- A sniper killed 1st Lt. Dustin Vincent in Kirkuk in early November
- The case against a suspect could take seven months
- U.S. troops are scheduled to be out before then
- A military lawyer praises Iraqis for bringing cases to court
Three U.S. soldiers detailed the shooting death of their platoon leader for an Iraqi judge Sunday in an effort to preserve a case that will be tried months after U.S. troops have left the country.
It is one of a number of cases in recent months where a U.S. military attorney and an Iraqi prosecutor have worked together to bring charges against those accused of targeting American troops, though it is one of the first murder cases to be brought before a judge just weeks ahead of the U.S. pullout from Iraq.
"Today, we came to court to preserve the testimony of soldiers in a pending criminal case that will be tried in an Iraqi court, and we bring the testimony today because the American forces are going to be gone soon," Army Maj. Franklin D. Rosenblatt, an attorney working on the case, told CNN.
The U.S. military took the step of having American soldiers provide testimony because "we are no longer going to be able to show up here in the court," Rosenblatt said.
The November 3 shooting of 1st Lt. Dustin D. Vincent -- one of the last U.S. casualties in the more-than-eight-year Iraq war -- was chronicled by insurgents who captured the sniper shooting on video and posted it online.
Inside a crowded courthouse, one of the soldiers who was with the 25-year-old Vincent the day he was killed told the investigative judge that a "few days later a video was posted that claimed the killing of the 1st lieutenant, and it shows the same location we were that day."
The video, which was played for the judge, was set to music and showed what appeared to be a soldier on the top of an armored vehicle, at a distance from the camera. On his back, which was to the camera, was a superimposed sniper's crosshair cursor. Then there is the sound of a gunshot, and the soldier drops from view.
His comrades testified that Vincent, of Mesquite, Texas, was killed when his convoy stopped in Kirkuk's volatile al-Wasiti district, a mixed Sunni-Turkomen neighborhood in the northern Iraqi city. The convoy stopped to fix an electrical cable on the top of one of Vincent's armored vehicles -- "Then we heard a shot," one of the soldiers told the judge.
Two of the soldiers testified they got out of their armored vehicle to aid Vincent, who was shot in the upper right portion of his chest.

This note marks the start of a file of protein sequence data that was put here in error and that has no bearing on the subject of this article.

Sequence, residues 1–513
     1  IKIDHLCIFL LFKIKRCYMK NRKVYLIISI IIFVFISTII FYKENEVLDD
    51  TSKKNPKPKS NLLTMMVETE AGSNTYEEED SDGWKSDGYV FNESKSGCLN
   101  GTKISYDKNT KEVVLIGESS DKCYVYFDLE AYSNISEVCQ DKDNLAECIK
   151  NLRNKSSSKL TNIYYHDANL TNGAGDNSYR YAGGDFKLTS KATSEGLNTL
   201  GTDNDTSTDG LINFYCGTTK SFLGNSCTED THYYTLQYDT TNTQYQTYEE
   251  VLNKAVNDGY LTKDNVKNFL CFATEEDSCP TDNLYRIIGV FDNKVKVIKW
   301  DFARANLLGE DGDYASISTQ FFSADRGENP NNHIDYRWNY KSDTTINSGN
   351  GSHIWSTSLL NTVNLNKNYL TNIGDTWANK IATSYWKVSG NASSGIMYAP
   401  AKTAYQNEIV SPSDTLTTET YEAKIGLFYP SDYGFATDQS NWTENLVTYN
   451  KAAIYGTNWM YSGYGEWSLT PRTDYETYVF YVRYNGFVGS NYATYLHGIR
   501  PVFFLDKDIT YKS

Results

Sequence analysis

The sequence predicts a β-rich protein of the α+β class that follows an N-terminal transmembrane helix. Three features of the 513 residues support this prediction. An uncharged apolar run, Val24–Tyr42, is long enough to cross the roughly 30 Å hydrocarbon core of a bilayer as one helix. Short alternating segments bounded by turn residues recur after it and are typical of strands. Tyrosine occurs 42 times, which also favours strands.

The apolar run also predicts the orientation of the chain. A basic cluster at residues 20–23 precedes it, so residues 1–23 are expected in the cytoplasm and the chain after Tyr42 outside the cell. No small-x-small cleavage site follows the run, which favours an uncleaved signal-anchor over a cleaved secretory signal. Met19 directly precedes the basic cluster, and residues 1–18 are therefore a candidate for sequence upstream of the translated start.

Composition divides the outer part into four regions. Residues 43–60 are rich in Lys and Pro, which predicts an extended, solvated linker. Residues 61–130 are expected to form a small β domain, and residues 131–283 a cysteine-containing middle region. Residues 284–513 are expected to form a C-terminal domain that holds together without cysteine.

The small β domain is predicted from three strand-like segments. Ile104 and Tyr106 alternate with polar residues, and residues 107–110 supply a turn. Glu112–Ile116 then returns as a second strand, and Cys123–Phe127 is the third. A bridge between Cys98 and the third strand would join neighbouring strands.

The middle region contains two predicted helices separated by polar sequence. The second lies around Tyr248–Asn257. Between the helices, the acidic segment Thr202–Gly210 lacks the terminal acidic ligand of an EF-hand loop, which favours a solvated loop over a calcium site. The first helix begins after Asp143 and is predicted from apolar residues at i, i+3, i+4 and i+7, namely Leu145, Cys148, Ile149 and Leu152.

"He was wearing a vest, but it hit the upper side of the vest," the same soldier said. Later, the soldiers said, they were told Iraqi police apprehended a suspect.
The American soldiers who testified are still carrying out missions in Iraq and are not being identified at the request of the U.S. military.
Rosenblatt asked to submit the case to the court on behalf of the U.S. Army. The Iraqi prosecutor, who also asked not to be identified as a security precaution, said the case against the suspected sniper could take up to seven months before it is decided by the court.
In addition to the testimony of the soldiers and the video, the prosecutor told CNN other evidence was presented to the judge.
"We told the judge that we have witnesses and a secret witness, and we will try to bring him to court as soon as possible," the prosecutor said. It was not clear who the additional witnesses were, and the prosecutor did not identify them out of a concern for their safety.
The U.S. military has successfully pressed for the prosecution of four people who have been convicted in recent months of targeting U.S. personnel at Contingency Operating Site, the American base on the outskirts of Kirkuk, with rockets or roadside bombs.
"I think in Kirkuk, it's a big step that at least they allow us to come here to the courthouse, and here we have seen some real results lately," Rosenblatt said. "They have been willing to take on the cases of the terrorists who have attacked the U.S. troops, and I think that is a real good sign."
Vincent is the second American soldier to be killed in Kirkuk in a little more than a month. A rocket attack in late September killed Spc. Adrian Mills, 23, of Newnan, Georgia, and wounded at least four others.
While violence has fallen off across much of Iraq, bombings and shootings are a near-daily occurrence in the disputed city, which is home to nearly a third of the country's oil reserves.
Kirkuk is populated by ethnic Kurds, Arabs and Turkomen. Tensions among the groups run high in the city, to which the Iraqi government in Baghdad and the semi-autonomous Kurdish region have both laid claim.